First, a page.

The Impact of the Doll Test

By: Anna Grace Cole

April 3, 2023

Last semester, as part of a final project for UT Law’s Race & The Supreme Court course, I conducted a Doll Test of my own—I wanted to see if self-identification had improved in young children since the original Clark Doll Test. With the help of Professor Brooklyn Sawyers-Belk and the University of Tennessee Early Learning Center, I pulled together a collection of dolls. Two dolls were very similar to the original test in that one was white, and one was Black, but otherwise, they were identical. I also wanted to take advantage of the dolls we have access to today—many feature different body sizes, a wide range of skin tones, hair color, hair texture, and visible disabilities. In an effort to widen the scope of the test, I included a pair of dolls in a wheelchair (one white, one Black), an able-bodied pair of dolls (again, one white and one Black), and a pairing of a Black Panther doll and a Captain America doll (there is an extremely limited number of action figures that represent Black characters, while white superhero dolls are abundant). For each test, the child was asked a set of questions about each pair of dolls:

Which doll is your favorite?

Which doll is not your favorite?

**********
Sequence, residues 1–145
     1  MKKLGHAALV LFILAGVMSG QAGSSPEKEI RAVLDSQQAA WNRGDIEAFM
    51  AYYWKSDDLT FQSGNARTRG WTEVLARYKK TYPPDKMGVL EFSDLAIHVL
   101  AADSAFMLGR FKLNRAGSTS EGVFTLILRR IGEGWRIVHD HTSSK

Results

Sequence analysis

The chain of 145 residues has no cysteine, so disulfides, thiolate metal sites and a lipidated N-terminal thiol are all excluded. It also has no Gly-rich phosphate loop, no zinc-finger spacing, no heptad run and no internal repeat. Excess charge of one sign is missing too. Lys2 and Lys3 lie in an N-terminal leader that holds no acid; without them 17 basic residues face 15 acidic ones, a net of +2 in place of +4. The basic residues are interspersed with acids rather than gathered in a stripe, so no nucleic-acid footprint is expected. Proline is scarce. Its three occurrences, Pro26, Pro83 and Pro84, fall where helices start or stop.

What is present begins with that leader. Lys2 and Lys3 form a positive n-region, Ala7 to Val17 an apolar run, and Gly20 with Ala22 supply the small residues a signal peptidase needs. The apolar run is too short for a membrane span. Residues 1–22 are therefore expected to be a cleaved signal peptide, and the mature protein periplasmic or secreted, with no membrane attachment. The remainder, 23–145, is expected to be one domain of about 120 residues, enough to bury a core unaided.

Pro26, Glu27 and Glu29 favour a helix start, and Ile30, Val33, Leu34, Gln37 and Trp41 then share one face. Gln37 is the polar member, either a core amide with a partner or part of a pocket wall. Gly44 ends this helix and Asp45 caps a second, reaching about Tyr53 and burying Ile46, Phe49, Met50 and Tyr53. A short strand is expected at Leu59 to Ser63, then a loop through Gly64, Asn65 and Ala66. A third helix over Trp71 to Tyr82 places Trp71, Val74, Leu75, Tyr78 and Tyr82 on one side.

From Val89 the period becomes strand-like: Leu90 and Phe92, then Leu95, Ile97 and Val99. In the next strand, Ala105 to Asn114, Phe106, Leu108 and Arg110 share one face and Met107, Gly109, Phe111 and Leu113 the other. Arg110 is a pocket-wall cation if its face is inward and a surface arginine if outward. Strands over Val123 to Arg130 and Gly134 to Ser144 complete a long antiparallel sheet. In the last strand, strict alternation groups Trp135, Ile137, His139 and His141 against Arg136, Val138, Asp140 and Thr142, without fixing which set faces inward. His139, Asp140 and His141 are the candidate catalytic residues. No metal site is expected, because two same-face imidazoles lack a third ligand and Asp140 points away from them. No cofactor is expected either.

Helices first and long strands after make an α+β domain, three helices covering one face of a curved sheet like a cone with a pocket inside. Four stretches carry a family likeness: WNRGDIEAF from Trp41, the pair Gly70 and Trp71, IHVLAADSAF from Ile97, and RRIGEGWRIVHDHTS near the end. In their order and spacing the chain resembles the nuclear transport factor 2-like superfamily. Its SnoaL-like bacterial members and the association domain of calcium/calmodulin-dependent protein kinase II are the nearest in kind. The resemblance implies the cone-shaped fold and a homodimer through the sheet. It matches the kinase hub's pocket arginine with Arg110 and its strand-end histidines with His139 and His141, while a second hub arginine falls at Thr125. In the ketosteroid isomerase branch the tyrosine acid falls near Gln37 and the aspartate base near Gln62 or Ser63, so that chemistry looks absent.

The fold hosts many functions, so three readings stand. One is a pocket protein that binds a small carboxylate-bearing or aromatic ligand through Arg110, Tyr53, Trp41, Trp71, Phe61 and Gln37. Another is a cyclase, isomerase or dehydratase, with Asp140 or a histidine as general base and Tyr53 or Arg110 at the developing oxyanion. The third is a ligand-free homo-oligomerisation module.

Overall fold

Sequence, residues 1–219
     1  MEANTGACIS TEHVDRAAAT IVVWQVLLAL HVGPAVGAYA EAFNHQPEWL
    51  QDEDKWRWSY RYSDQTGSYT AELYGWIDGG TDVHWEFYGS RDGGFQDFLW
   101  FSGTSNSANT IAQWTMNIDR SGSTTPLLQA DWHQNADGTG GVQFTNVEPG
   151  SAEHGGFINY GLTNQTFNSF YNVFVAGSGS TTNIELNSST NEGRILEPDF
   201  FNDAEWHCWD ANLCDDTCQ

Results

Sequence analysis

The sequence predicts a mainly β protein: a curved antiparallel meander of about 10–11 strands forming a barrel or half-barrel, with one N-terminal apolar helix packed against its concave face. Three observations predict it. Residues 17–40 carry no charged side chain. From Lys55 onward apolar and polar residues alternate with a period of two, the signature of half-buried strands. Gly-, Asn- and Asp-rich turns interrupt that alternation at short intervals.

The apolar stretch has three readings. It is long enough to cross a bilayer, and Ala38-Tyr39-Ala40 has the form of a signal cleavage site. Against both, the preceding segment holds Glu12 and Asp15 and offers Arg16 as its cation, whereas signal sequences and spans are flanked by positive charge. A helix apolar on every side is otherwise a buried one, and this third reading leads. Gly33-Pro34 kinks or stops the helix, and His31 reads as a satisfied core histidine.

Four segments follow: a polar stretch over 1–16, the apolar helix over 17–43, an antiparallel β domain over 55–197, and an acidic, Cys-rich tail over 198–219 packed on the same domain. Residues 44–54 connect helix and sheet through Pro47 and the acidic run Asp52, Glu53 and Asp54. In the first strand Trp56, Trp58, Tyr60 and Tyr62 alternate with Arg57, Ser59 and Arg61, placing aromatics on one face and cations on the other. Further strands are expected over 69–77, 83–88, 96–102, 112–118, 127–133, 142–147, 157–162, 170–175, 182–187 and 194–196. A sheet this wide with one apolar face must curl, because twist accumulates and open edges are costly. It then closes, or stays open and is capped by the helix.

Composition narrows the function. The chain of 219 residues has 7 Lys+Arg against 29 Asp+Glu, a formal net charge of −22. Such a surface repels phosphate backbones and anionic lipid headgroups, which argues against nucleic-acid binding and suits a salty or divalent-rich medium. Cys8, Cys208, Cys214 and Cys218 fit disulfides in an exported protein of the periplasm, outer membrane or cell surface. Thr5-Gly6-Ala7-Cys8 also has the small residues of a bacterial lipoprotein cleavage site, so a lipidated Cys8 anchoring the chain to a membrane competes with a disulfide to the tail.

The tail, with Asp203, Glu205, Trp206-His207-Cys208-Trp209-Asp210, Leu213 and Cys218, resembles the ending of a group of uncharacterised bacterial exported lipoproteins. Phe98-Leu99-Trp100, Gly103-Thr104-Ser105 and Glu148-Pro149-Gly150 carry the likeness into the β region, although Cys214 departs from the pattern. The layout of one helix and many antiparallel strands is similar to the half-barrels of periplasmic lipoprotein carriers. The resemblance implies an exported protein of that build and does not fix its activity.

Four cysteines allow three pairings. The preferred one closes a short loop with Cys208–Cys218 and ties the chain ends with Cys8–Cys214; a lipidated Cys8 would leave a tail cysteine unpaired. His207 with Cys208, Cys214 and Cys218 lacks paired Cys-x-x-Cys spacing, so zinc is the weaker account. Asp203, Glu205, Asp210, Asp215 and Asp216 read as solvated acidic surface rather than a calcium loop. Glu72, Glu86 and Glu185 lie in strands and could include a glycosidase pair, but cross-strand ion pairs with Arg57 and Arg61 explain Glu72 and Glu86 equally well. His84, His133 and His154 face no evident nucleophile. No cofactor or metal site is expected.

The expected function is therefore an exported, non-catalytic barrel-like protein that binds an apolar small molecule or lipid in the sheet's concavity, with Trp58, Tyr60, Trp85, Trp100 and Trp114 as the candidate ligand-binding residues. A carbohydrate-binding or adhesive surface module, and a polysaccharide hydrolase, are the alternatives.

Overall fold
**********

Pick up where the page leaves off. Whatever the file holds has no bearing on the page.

Which doll do you want to play with?

Which doll do you not want to play with?

Why do you want to play with [the doll the child selected] the most?

Which doll looks like you?

We ran the test with about a dozen children, so the test was more qualitative than quantitative. There were a few issues with the children’s ages and, understandably, a little hesitation with the situation. Across the board, however, the children indicated their preference for the doll whose skin color was the most similar to the color of their skin. This finding is a complete reversal from the conclusion of the Clark Doll Test—all of the children could identify the doll that looked like them, and they liked that doll. It is impossible to say that the result of our small test is solely due to the integration of schools. Still, there is no doubt that these children, who are in a preschool classroom with children of many different identities, are benefiting greatly from learning that differences are a good thing and ought to be celebrated.






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